July 6, 2014 at 3:05 am #17952
Another thought experiment, since I really enjoyed reading the responses from you guys. This time we’ll be talking about a pandemic. In this experiment, the pandemic will be much the same as the 1918 Spanish Flu (http://en.wikipedia.org/wiki/1918_flu_pandemic).
So lets start. The following info is a lead up to where you’re at now, where this flu is at, etc.
– Three weeks ago there were scattered reports of several towns in western China in which the population became very sick.
– The MSM picked up the story, but then because of the latest celebrity break up, promptly forgot where China was, let alone why so many people got sick.
– Two weeks ago there were reports of sick people in over 18 different countries.
– Three days ago, the WHO said that this new mysterious flu is out of control and they have no way of stopping or slowing it down since it has mutated.
– Right now, you just saw that the death count in your country has just surpassed 10,000, with scores more infected.
What do you do? What have you already begun to do? Have you bugged out? Are you barricading you and yours inside? What next?
I’ll also add that this isn’t all on this particular thought experiment. I’ll add a few curve balls/events/difficult choices in tomorrow or so.
Canadian Patriot. Becoming self-sufficient.July 6, 2014 at 3:25 am #17953
My first thought: Has the Strategic National Reserve been deployed? My CERT (Community Emergency Response Team) was part of a SNR mock deployment. A convoy with “Special Medication” was sent to a local town. A gym had been set up to treat the public. A cattle pen like containment system was used to process all the “public” taking part in the exercise.
If there was a real emergency our team would activate. There are certain places in this county that would be set up to handle the treatments. Arrangements would be made for folks that had to “shelter in place.” This would be nursing homes, hospitals and people that could not be moved.
Being part of the response means you are the first to be treated.
RobinJuly 6, 2014 at 3:31 am #17955
Love it Red. These exercises always get the ideas flowing.
At this stage of the game (and before you start throwing monkey wrenches everywhere) I’ve stopped going to work. An emergency room is no place to be, and if one of my patients is suspect while I’m there I’d have to quarantine myself from my family which is not part of the plan. For the meantime, me and mine are huddled at home playing Scrabble and re-inventorying supplies.July 6, 2014 at 5:47 am #17974
Ah man, I hate bugs and getting sick… you would pick this one, wouldn’t you?
Gotta give this one some thought…
The wicked flee when none pursueth..." - Proverbs 28:1July 6, 2014 at 7:41 am #17978
In 1918, so current books say, the Self Imposed Reverse Quarantine (SIRQ) worked very, very well to keep thus-isolated populations uninfected. Several small towns in Utah, and Philadelphia PA are said to have brought it off. Philadelphia didn’t skate, but had the lowest infection rate of any big city. The Utah towns did totally escape. I live alone in my house; that’s a down-side for societal collapse and mobs looting, but I see only up-side for a pandemic. I’m set up for >6 months worth of SIRQ.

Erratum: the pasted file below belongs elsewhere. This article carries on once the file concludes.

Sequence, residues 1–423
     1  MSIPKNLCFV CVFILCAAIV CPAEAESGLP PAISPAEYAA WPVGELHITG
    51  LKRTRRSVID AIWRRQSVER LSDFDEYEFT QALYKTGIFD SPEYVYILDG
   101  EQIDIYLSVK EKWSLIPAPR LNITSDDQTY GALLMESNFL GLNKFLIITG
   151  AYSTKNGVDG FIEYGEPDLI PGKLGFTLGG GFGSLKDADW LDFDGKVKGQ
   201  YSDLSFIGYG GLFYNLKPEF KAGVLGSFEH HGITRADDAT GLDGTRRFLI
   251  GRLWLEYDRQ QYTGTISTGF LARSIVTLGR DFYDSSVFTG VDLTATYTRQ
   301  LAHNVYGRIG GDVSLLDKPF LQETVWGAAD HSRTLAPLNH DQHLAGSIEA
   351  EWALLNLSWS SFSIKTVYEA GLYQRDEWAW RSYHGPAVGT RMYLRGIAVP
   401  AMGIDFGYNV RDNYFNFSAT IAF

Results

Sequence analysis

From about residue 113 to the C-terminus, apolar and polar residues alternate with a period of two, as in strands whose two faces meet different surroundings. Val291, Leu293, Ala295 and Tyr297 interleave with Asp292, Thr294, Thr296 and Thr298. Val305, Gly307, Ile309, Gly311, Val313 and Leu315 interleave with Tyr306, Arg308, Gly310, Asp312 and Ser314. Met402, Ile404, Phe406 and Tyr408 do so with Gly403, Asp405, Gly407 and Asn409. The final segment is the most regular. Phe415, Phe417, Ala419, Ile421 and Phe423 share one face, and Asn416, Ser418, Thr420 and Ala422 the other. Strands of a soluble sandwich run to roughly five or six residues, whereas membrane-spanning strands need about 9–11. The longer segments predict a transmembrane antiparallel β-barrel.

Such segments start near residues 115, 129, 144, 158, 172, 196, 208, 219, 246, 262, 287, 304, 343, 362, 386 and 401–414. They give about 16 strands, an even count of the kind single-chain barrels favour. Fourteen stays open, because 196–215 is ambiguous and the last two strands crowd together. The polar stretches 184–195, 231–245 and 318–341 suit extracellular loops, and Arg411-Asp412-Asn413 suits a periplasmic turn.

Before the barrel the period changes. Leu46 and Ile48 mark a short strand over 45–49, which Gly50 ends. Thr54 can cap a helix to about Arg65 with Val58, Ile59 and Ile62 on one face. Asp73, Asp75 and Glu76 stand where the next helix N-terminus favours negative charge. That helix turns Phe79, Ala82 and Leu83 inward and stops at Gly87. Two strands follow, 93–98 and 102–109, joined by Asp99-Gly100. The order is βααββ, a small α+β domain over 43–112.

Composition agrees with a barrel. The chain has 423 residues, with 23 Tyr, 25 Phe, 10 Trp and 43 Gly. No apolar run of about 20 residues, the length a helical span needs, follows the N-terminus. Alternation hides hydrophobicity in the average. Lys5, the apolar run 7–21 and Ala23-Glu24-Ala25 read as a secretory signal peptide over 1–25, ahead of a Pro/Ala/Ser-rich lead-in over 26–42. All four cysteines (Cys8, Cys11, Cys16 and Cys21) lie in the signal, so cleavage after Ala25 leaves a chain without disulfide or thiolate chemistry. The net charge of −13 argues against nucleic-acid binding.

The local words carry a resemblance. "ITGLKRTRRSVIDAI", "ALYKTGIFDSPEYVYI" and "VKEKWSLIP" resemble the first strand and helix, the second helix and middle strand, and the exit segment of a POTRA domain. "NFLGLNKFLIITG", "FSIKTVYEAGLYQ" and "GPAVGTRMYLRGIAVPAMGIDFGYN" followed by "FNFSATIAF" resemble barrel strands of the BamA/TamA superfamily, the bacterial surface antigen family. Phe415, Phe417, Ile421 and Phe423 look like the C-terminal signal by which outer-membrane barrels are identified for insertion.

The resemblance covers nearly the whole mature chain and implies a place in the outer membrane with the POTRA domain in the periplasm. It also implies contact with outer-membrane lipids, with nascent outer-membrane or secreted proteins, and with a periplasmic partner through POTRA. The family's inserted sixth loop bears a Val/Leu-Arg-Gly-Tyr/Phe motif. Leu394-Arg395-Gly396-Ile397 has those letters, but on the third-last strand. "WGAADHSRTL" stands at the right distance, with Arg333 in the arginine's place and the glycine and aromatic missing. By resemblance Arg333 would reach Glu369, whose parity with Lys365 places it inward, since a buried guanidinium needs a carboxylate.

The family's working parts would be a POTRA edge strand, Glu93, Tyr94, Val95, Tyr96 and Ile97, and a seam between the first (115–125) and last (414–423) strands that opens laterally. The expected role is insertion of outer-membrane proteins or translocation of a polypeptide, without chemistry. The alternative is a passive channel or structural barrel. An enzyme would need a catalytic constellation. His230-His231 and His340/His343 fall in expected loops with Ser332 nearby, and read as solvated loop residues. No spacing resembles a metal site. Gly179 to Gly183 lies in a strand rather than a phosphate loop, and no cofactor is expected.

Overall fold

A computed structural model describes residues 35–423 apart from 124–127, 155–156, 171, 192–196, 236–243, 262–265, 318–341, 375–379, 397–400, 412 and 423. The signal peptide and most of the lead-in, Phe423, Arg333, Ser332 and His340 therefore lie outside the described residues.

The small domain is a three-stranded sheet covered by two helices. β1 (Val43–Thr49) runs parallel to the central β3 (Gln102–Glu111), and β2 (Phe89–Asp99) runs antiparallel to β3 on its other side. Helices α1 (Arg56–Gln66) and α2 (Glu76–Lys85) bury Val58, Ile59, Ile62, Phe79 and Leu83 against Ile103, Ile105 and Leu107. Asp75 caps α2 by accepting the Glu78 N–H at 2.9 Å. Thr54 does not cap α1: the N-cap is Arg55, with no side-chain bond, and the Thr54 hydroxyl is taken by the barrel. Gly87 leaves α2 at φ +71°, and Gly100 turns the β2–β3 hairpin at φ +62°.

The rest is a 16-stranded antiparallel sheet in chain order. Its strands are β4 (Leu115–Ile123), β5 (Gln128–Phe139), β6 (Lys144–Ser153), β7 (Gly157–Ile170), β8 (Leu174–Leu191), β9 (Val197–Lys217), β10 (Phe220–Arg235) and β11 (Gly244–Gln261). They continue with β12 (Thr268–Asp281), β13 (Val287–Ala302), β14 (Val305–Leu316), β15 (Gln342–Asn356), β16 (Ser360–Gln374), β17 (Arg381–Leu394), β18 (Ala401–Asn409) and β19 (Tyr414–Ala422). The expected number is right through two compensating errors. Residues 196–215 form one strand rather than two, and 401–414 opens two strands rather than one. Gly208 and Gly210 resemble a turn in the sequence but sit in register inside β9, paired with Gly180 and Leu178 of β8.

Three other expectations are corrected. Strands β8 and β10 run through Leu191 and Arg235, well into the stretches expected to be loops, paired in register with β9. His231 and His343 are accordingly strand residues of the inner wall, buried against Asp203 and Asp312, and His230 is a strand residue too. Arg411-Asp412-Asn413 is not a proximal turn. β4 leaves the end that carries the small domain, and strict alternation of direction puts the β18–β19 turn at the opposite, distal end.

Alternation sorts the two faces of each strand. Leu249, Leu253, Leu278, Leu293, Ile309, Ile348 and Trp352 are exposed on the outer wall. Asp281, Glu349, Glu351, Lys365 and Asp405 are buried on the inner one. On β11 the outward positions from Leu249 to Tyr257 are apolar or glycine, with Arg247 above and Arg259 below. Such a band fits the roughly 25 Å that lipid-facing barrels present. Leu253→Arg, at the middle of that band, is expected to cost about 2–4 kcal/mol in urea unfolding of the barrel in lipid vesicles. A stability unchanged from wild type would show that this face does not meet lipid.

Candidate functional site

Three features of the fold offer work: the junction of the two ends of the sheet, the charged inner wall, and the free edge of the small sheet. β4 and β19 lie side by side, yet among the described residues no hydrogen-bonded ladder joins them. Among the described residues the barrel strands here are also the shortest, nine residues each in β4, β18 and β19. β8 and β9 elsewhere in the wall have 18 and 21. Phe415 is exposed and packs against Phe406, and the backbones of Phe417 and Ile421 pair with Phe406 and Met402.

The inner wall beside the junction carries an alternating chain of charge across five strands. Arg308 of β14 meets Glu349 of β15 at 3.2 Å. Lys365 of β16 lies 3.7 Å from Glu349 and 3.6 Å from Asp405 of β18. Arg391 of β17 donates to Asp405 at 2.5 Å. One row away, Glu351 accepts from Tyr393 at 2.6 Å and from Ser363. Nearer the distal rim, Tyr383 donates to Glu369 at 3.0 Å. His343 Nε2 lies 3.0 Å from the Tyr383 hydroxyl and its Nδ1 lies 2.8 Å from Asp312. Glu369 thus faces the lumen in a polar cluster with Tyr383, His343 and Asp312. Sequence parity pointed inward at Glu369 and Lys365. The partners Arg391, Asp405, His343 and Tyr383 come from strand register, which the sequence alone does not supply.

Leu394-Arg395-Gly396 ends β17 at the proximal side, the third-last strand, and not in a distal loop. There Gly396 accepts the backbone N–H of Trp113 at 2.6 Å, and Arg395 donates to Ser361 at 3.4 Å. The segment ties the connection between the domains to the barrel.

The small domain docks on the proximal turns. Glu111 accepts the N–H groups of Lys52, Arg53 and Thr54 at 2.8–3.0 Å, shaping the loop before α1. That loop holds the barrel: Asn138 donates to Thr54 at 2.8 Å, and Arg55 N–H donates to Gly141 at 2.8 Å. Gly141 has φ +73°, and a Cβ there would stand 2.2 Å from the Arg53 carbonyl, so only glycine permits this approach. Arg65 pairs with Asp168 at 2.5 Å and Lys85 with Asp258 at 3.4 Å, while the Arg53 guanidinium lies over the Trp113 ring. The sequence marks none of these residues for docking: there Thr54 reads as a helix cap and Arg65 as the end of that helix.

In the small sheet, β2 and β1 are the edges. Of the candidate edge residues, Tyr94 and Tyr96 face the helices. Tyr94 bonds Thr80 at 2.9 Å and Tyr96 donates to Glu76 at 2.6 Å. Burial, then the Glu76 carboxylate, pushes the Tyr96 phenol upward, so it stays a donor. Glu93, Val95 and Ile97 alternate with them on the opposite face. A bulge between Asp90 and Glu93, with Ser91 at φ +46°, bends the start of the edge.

My hard choice comes when/if such pandemic CAUSES societal breakdown. I can’t help people as far away as Dallas (75-minute drive) but I’m a member of the local CERT team and would not, I think, turn down requests from it to serve the community. I might find myself supporting a medical team administering Tamiflu or even serving meals at a soup kitchen. I would be at risk.
Good news: I apparently have a strong immune system. Bad news: in 1918, that worked against a lot of people, who went into toxic shock and died from it rather than from the flu itself. If a strain of flu gets out that has a 50% morbidity rate and easily transfers person-to-person I may have to decide to give anyway, knowing that it would cost my life. Good news: brain cancer took my wife 4 years ago, and the 5 kids all live >1000 miles from me and have their own families; I won’t likely infect them.
Most of the above doesn’t apply to you. And that’s really my point: even with adequate stores and tools and skills, your choices will be your own. I applaud this “tabletop” since it will motivate some of you to make those choices now, in low-stress conditions. You will thank yourselves, later…July 6, 2014 at 8:07 am #17979
BTW: either H1N1 or H7N9 (I forget which) DID cause a pandemic wen it escaped China several years ago. Every year, seasonal flu takes the lives of ~35,000 people worldwide. I watched the weekly data from CDC during that season. The deaths from this new “virulent” strain added ~2% to the statistic on morbidity, in aggregate over that season. Had it not been for some medical tests coming back positive for it, we might never have even known…